The transition towards independence was prepared in co-ordination with the governments of the United States, the United Kingdom, Germany and France, as well as the High Representative for the Common Foreign and Security Policy of the EU, Javier Solana. Kosovo has already been recognized as an independent state by 41 countries, which thus took their part of the risks implied by such an attitude.

Such risks lie, on the one hand, in the fact that a non-consensual solution necessarily bears negative implications for the stability of the territory, and on the other, in the questionable character of its legitimacy since, according to International law the legality such act depends on the way one interprets Resolution 1244.

The ambiguous way in which it was written allows for two opposite ways of reading it, which in their turn depend on the perspective chosen to interpret it.

If a sovereignist perspective of international relations is privileged, the reference to Serbian sovereignty and the absence of a new UNSC Resolution are strong arguments against recognition.

Yet, if we give prominence to the respect for human rights and the principle of auto-determination of peoples, the perspective will be different.

The Resolution did not specifically define the method for determining the final status of Kosovo, but made an important reference to the need to respect the Final Act of Helsinki [1975].

The sovereignist perspective only invokes the articles related to territorial integrity and the principle of non-interference with the internal affairs of the states. Through that angle, not only the Declaration of independence, but the whole international involvement with the Kosovo issue since 1998 would be illegal.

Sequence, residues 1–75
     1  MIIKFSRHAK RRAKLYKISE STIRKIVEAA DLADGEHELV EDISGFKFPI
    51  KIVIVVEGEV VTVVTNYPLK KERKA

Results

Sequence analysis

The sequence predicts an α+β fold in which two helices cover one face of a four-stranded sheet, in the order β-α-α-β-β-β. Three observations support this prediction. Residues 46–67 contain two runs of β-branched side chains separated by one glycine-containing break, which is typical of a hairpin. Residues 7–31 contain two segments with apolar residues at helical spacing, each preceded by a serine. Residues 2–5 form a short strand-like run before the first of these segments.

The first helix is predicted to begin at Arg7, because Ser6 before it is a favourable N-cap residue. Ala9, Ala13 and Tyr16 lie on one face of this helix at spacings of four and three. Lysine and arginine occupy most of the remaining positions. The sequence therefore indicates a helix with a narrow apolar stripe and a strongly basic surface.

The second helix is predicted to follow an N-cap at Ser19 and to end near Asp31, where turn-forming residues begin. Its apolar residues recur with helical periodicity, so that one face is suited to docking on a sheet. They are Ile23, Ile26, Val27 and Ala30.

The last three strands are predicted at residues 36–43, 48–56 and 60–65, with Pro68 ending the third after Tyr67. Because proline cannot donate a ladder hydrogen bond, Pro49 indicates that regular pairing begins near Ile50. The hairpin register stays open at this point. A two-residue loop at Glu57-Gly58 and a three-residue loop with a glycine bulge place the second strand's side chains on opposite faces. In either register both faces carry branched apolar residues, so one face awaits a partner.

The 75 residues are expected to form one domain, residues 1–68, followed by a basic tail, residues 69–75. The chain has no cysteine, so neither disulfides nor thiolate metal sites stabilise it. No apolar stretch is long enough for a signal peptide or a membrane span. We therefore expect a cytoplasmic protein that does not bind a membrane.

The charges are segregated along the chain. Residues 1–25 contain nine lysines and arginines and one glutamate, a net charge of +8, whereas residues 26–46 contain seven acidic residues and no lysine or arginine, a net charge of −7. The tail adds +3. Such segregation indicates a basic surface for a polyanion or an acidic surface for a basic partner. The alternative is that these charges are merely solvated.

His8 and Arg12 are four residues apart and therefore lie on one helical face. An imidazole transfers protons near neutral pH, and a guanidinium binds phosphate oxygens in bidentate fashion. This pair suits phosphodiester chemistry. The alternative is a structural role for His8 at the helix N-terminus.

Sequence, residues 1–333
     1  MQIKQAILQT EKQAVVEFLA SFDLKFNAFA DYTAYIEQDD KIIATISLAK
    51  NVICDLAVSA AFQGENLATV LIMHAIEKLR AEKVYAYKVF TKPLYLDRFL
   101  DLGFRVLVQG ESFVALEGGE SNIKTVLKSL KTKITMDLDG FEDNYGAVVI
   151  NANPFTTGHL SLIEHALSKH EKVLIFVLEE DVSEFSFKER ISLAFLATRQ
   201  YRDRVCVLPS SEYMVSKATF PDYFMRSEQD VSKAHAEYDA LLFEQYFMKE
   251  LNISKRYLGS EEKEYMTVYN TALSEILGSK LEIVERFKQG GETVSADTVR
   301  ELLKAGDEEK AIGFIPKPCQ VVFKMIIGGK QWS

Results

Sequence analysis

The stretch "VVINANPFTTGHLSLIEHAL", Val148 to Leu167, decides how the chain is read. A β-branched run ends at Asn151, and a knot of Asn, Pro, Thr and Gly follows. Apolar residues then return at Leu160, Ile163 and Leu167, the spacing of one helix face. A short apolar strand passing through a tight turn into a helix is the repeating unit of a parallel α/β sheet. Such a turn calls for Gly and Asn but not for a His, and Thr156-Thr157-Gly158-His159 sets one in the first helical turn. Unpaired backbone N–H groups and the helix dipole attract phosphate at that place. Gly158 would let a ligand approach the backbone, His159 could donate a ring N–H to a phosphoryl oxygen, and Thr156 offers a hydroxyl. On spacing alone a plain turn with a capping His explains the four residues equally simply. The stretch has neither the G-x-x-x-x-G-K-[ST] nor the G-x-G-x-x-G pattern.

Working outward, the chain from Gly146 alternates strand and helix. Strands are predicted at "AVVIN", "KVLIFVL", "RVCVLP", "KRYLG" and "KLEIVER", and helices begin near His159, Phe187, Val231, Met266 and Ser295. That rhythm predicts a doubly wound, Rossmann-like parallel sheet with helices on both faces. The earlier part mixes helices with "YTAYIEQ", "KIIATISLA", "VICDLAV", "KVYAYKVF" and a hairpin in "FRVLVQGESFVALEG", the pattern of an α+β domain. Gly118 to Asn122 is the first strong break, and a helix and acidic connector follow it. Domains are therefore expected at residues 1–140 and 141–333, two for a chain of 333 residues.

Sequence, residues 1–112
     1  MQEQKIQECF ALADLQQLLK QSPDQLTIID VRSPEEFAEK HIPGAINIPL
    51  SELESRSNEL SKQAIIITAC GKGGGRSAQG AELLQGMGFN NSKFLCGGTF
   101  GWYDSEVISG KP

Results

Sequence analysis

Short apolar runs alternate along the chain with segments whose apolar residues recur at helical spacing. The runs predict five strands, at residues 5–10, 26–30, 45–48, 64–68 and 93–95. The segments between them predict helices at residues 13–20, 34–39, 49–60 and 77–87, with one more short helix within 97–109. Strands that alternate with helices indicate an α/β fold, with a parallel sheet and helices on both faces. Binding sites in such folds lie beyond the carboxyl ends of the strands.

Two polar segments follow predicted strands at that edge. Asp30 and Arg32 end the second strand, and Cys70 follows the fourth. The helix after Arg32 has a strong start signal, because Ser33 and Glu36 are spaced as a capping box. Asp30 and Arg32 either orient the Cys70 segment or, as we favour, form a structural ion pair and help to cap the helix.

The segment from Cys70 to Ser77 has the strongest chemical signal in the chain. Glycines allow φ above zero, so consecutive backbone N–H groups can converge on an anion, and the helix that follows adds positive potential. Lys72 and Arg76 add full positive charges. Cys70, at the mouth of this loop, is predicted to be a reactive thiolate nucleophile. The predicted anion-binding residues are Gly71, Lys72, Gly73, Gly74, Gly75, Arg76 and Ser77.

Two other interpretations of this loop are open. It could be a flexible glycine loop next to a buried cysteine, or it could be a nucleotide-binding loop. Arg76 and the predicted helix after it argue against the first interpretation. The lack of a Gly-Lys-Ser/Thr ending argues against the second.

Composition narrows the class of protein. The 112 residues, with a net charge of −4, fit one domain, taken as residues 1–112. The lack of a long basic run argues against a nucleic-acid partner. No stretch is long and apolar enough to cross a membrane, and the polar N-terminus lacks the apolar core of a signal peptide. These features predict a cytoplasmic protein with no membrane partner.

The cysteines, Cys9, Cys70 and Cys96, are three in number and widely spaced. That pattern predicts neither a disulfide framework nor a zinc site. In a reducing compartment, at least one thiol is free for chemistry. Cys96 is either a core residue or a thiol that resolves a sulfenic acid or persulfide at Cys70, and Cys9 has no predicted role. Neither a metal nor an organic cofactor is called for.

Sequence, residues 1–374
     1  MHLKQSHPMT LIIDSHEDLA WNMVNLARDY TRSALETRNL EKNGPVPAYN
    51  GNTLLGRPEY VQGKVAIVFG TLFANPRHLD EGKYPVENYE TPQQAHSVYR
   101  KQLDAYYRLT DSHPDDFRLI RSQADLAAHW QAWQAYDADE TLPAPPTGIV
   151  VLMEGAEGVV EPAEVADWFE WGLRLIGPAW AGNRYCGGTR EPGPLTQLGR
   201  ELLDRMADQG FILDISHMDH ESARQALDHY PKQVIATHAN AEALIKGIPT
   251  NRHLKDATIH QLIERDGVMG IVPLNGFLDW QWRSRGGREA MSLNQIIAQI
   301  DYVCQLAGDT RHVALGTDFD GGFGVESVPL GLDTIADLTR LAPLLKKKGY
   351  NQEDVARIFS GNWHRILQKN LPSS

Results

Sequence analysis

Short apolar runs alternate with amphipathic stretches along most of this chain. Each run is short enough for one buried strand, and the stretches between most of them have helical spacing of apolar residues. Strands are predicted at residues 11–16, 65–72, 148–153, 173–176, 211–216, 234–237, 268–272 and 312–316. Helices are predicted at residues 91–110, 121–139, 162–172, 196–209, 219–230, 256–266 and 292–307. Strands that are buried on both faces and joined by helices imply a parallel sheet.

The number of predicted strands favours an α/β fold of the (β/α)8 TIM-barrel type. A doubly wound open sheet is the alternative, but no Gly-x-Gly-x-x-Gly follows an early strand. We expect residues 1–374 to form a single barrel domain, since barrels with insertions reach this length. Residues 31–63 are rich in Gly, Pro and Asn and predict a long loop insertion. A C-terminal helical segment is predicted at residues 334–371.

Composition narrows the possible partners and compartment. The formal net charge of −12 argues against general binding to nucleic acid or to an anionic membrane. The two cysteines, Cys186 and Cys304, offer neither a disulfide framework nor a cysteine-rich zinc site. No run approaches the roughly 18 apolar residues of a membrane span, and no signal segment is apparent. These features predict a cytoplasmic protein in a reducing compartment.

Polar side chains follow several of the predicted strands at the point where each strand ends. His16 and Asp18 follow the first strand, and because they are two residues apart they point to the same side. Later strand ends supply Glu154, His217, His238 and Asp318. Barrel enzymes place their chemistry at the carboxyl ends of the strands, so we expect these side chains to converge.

I have opted not to retrospectively discuss the legality of the Kosovo intervention, since Resolution 1244 has legitimized it, admittedly after the fact, by invoking Chapter VII of the United Nations Charter.

In what regards the Final Act of Helsinki, the Resolution does not quote any article in particular, and that document also enshrines the principle of self-determination, respect for human rights and the protection of minorities. According to that perspective, the recognition of Kosovo independence does not violate Resolution 1244, and thus such an option does not result in any violation of International Law, since the creation of new states does not fall within the competences of the UN.

On that issue Serbia, which considers the recognition of Kosovo illegal in the context of International Law has announced its intention to ask for an advice from the International Court of Justice.

It is my opinion that to interpret the Helsinki Final Act in a strict way, referring to only the articles related to sovereignty is goes against the spirit of this document, and ignores its real meaning and the historical value that it has had in the defense of freedom. In fact, during the final stage of the cold war, eastern Europe dissidents like Vaclav Havel invoked the Helsinki Final Act in their defense. While such strategy didn’t prevent them from suffering the consequences of their defiance of the system, it enable them to make clear to the world that their states had no interests whatsoever to respect the International Law, and specifically the agreements their governments had signed.
While applying the Helsinki Final Act to the case of Kosovo, we can neither ignore the degree of violence to which the people of Kosova was systematically subjected since 1912, and particularly in the period between 1989, when its autonomy status was revoked by Slobodan Milosevic, and 1999.
Despite the serbian government vague promises that it would grant Kosovo a special status defined by the formula more than autonomy, less than independence, the fact that in the recent past its autonomy was taken away cannot be forgotten. Who could guarantee that in the near future, this act would not be repeated?